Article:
Week ahead: Lawmakers zero in on cyber diplomacy

Week ahead: Lawmakers zero in on cyber diplomacy
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A panel of House lawmakers is set to explore how the United States engages with the international community on cybersecurity, a meeting that will feature testimony from the government's former top cyber diplomat.

The hearing, scheduled for Tuesday, is the latest congressional effort to put an emphasis on cyber engagement abroad in the evolving digital age.

"Authoritarian regimes and foreign actors are working overtime to impose more control online, including through censorship," House Foreign Affairs Committee Chair Ed RoyceEdward (Ed) Randall RoyceMystery surrounds elusive sanctions on Russia Hillicon Valley: Lawmakers struggle to understand Facebook's Libra project | EU hits Amazon with antitrust probe | New cybersecurity concerns over census | Robocall, election security bills head to House floor | Privacy questions over FaceApp House panel advances bill to protect elections from foreign interference MORE (R-Calif.) said when announcing the hearing. "These destructive efforts to weaponize the internet undermine America's foreign policy and security, as well as our economy.

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"As Americans become more and more connected with digital technology, the United States must ensure the internet remains open, reliable and secure," Royce added.

The hearing follows scrutiny of Secretary of State Rex TillersonRex Wayne TillersonPress: Acosta, latest to walk the plank A brief timeline of Trump's clashes with intelligence director Dan Coats What is Trump's Iran end game? MORE's decision to close the Office of Cybersecurity Coordinator at the State Department. As part of a broader reorganization effort, Tillerson folded the office's responsibilities into a bureau focused on economic and business issues.

Lawmakers in both parties have expressed concerns with Tillerson's decision. Earlier this month, House lawmakers passed legislation that would effectively restore the office and give its leader the rank of ambassador.

Chris Painter, the former cybersecurity coordinator, is scheduled to testify before the Foreign Affairs Committee alongside other experts on Tuesday. Painter left his position at the end of July, just before Tillerson formally notified Congress of his plans to close the cybersecurity office.

State Department officials maintain that cyber remains a top priority despite the office's closure. The department's cyber diplomacy efforts are now spearheaded by Rob Strayer at the Bureau of Economic and Business Affairs.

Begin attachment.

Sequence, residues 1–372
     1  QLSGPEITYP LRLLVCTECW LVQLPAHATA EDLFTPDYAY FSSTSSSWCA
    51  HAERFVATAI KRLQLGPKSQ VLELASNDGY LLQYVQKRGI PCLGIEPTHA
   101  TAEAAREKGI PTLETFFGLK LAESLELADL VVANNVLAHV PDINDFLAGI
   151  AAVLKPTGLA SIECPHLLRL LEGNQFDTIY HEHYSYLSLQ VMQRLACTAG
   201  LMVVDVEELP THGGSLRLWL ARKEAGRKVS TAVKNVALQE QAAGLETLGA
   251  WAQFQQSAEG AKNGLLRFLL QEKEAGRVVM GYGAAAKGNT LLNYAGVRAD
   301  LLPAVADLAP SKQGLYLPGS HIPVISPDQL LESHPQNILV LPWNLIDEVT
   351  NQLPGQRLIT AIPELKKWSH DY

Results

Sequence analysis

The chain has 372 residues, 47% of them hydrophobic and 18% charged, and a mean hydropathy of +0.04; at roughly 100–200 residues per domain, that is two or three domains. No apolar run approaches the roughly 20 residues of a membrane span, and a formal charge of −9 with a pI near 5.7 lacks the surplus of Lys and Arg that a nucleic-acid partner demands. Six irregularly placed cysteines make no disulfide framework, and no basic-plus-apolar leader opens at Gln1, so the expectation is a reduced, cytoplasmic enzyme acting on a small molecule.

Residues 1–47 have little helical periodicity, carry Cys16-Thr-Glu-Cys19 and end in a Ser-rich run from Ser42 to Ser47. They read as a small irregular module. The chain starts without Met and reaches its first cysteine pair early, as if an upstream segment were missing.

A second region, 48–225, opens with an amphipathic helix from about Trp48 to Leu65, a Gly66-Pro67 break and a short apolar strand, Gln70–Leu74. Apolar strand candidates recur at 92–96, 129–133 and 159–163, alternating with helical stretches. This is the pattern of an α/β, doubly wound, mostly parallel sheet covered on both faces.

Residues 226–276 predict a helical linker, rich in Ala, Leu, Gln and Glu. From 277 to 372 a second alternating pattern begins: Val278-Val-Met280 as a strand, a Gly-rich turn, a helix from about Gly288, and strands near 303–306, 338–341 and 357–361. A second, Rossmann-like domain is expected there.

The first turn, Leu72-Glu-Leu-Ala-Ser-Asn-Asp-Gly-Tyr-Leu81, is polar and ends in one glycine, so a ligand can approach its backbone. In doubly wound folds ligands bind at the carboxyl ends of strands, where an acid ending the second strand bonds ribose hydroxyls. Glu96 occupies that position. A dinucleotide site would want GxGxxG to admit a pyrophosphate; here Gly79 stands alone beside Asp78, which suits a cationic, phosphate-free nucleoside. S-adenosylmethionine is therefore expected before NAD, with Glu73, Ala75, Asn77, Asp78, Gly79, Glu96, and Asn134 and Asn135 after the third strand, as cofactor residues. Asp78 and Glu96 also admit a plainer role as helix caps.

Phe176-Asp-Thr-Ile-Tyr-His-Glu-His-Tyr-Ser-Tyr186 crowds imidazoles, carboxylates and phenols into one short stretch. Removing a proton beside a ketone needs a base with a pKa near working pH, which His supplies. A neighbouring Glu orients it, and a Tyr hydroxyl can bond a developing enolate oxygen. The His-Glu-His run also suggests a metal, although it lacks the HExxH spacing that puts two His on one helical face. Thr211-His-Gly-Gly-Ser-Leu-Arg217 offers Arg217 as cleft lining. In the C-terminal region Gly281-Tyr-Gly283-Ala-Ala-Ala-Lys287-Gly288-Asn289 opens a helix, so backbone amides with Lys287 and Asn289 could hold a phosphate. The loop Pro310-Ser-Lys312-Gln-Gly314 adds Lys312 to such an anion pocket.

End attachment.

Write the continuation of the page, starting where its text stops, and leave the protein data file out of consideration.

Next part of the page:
On Thursday, Strayer met with European officials in Brussels as part of the 15th Information Society Dialogue between the European Union and the U.S. on topics that ranged from cybersecurity to international data flows.

Meanwhile, a group of senators is poised to hear testimony in the coming week from a top Uber executive on the ride-share company's 2016 data breach that came to light late last year.

John Flynn, Uber's chief information security officer, is slated to testify before a Senate Commerce, Science and Transportation Committee subcommittee on Tuesday. The company faced massive scrutiny over reports that executives paid off the hacker behind the breach through a "bug bounty" program, which rewards researchers for finding previously unknown vulnerabilities.

The coming week is likely to offer further developments stemming from the House Intelligence Committee's decision Friday to release a controversial memo that Republicans say shows the Justice Department's abuse of a critical foreign surveillance program.

President TrumpDonald John TrumpUS-Saudi Arabia policy needs a dose of 'realpolitik' Trump talks to Swedish leader about rapper A$AP Rocky, offers to vouch for his bail Matt Gaetz ahead of Mueller hearing: 'We are going to reelect the president' MORE authorized the memo's release, despite fierce objection from the FBI. The developments have set Republicans and the Trump White House on a collision course with the bureau and the Department of Justice.

Off Capitol Hill, House Homeland Security Committee Chair Michael McCaulMichael Thomas McCaulOvernight Defense: House votes to block Trump arms sales to Saudis, setting up likely veto | US officially kicks Turkey out of F-35 program | Pentagon sending 2,100 more troops to border House votes to block Trump's Saudi arms sale House panel advances bill to protect elections from foreign interference MORE (R-Texas) will deliver his state of national security address on Monday at George Washington University's Center for Cyber and Homeland Security. His remarks are expected to focus on efforts to combat terrorism, border and aviation security and cybersecurity.

On Tuesday, the Atlantic Council is hosting an event on Russian cyber operations targeting Ukraine, which will feature remarks from Rep. Will HurdWilliam Ballard HurdAl Green says impeachment is 'only solution' to Trump's rhetoric Trump primary challenger Bill Weld responds to rally chants: 'We are in a fight for the soul of the GOP' Democratic strategist on Trump tweets: 'He's feeding this fear and hate' MORE (R-Texas) and a Ukrainian government official, along with other expert panelists.

 

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